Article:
1. Internet Cafes/Comic Book Cafes/Manga Kissaten (800 to 1500 Yen per night).

            2. WWOOF Japan (and other Volunteer accommodations) (5,500 yen for one year membership).

            3. Couchsurfing (FREE accommodations).

            4. Overnight buses.

            I hope this information helps you.


            • #7
              Oh this is quite interesting, I've heard that some people actually stay at Internet Cafes during their stay in Japan and I didn't know that it's true. I always thought that it was just a joke by an acquaintance of mine. Checking out all of these options is really an eye opener, especially Couchsurfing and WWOOF Japan. Didn't know such options exists which is worth noting. I'll be sure to check these places if I ever find the need to rest for a night. When traveling, overnight buses is indeed a great option because you can sleep while you travel at the same time. Hope more people will give out more information on how to find cheap accommodations in Japan.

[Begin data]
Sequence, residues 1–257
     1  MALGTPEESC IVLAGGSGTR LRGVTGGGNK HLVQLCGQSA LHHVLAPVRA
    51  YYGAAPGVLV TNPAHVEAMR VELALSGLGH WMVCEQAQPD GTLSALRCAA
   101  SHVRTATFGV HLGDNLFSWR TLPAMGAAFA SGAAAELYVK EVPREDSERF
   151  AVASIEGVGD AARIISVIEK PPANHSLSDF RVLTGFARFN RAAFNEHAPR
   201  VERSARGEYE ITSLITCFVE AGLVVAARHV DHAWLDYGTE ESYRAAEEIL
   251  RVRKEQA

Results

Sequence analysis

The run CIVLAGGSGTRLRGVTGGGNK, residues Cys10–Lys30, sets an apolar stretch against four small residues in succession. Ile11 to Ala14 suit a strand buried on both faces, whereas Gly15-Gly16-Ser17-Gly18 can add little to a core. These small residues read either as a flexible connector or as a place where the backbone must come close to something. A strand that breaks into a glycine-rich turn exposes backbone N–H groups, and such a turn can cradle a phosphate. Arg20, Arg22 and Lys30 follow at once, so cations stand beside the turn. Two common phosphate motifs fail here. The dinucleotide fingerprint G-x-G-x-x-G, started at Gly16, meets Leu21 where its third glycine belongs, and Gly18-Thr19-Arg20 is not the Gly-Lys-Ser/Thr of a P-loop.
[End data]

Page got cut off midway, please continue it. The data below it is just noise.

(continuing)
• #8
                Louie I agree. I'm also not familiar with Robin Singh suggestion. These options will really help you especially on emergencies (when you got lost, forgot where you're staying, if all of the accommodations you know are already full, if you're broke or if you're feeling adventurous). I would love to experience couch surfing and staying to the Cafes, although I wonder how that works. Also, I'm curious if you can also stay/ sleep in their spa like in Korea.


                • #9
                  tsubaki nakajima ... Regarding staying to the cafes, its nothing complicated. Just go to a cyber cafe, ask for the rental PC. They will give you not only a PC but a whole cabin of your own. There will be a huge chair, on which you can easily sleep off. The cafe will be having other facilities like shower, dressing room, lockers, food service, drinks and a lot more depending that particular cafe.

                  Its not as comfortable as normal hotels ( as it doesn't have a bed ), but its cheap and worth experiencing once if you are in Japan.


                  • #10